The brain fog you feel after an accident might not just represent the emotional shock of getting injured. You might have a concussion — a mild brain injury that can have physical, cognitive, and emotional symptoms.
These symptoms might prevent you from working, at least temporarily. You might require several days or weeks of rest to recover from your injuries. In the worst case, you might develop chronic symptoms that affect you for months or even years.
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How Does Your Body Protect Your Brain?
Your brain controls your nervous system. In this role, it keeps your involuntary systems running. Without your brain sending autonomic signals, your heart, lungs, stomach, and other organs would stop functioning.
Your brain also controls your voluntary movements. Your brain sends signals to your muscles to contract or relax so you can walk, stand, or run. It also controls the fine muscle movements that give your fingers their dexterity and allow you to make facial expressions.
To control your body, your brain collects information from your sense organs. Your eyes, ears, nose, tongue, and skin tell you about your surroundings. Your brain uses this information to decide how to control your body. If it receives buzzing signals from your ears when a fly hovers, it controls your hand to swat it.
Because it plays such a central role, your brain has several layers of protection. The skull provides a hard shell to protect the brain from impact. Membranes, called the meninges, surround the brain and spinal cord. The meninges block microorganisms from infecting the brain.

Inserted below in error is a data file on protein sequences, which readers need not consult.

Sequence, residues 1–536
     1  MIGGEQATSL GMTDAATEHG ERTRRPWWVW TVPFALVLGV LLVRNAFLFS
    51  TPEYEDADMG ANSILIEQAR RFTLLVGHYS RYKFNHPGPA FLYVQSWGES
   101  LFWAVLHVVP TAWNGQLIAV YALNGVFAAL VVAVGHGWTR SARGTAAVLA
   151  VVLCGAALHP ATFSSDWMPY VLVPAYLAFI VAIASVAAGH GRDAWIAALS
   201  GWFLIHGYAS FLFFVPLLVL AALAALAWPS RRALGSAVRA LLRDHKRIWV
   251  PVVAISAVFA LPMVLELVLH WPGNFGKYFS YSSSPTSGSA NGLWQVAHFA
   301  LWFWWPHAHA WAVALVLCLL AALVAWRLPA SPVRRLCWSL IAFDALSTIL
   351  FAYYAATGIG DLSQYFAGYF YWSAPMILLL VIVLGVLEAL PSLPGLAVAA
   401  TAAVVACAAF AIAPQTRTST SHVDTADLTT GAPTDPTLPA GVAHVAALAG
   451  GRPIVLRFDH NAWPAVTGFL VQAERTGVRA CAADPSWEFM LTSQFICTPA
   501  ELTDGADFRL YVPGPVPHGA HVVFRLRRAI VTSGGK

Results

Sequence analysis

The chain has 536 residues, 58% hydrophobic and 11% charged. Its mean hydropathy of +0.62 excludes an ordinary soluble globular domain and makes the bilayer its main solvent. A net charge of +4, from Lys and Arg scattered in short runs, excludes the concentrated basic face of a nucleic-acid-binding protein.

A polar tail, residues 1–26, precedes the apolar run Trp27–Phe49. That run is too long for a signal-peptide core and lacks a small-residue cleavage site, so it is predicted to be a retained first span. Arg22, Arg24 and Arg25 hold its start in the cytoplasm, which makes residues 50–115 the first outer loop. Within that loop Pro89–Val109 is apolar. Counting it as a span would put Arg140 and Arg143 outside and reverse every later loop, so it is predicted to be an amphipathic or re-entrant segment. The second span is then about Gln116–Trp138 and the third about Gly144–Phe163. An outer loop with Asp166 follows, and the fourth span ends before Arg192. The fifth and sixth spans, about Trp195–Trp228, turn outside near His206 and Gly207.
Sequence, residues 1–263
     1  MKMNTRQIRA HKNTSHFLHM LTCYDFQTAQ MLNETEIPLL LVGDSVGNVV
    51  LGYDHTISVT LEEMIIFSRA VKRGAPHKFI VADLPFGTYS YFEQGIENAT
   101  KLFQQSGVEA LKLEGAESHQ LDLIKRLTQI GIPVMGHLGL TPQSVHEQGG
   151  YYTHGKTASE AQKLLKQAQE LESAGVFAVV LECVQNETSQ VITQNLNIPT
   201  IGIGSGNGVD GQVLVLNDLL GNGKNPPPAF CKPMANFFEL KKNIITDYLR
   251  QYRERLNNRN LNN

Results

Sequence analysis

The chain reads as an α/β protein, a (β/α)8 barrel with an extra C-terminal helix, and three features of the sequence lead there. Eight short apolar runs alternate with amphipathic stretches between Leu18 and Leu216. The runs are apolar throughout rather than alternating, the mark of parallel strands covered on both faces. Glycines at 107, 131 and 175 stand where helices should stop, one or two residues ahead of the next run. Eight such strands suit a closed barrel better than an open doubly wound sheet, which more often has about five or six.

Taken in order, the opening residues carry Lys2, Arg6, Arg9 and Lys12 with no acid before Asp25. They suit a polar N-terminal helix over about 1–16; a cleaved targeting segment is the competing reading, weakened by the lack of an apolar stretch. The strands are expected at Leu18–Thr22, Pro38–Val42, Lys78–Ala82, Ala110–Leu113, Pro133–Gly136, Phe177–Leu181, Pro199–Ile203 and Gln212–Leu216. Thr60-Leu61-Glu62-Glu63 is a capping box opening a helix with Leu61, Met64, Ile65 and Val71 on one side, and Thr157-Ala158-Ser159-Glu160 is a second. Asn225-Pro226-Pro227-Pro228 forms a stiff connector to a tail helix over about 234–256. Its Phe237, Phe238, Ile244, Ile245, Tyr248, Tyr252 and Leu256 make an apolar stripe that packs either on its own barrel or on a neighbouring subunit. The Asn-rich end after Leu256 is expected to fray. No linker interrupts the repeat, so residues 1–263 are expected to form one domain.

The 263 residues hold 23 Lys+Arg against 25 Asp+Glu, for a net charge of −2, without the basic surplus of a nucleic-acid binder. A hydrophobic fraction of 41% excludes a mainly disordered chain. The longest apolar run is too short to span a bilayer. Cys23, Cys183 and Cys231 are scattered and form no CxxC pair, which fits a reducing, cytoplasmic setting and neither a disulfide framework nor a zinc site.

A layer of cerebrospinal fluid (CSF) sits inside the meninges. The brain floats in the CSF, and the fluid resistance slows the motion of the brain. In effect, this fluid cushions the brain from hitting the inside of the skull.
What Can Cause a Concussion Injury?
A concussion happens when the brain inflames in response to trauma. A concussion injury usually happens in three ways:
When you hit your head, your brain slides toward the impact site. In a concussion, your brain does not strike the inside of your skull, but the CSF must exert pressure on the brain to stop it.
Head trauma can happen anytime you fall in an accident. A slip and fall accident can cause a concussion when your head strikes the ground.
You do not need to hit your head to get a concussion. Since a concussion happens when your brain sloshes in your skull, you only need to experience violent motion to suffer this type of brain injury.
When your brain sloshes in your skull, the CSF develops pressure waves that squeeze the brain. These pressure waves prevent the brain from slamming into the skull, but they can also damage or even destroy brain cells.
The whipping motion that causes a concussion can result from a car accident. When you collide with another vehicle or a fixed object, your body tries to keep moving at the same speed and direction as before the crash.
You whip forward until you hit your seat belt and come to an abrupt stop. You then whip backward into your seat. This back-and-forth whipping shakes your brain violently enough to cause a concussion.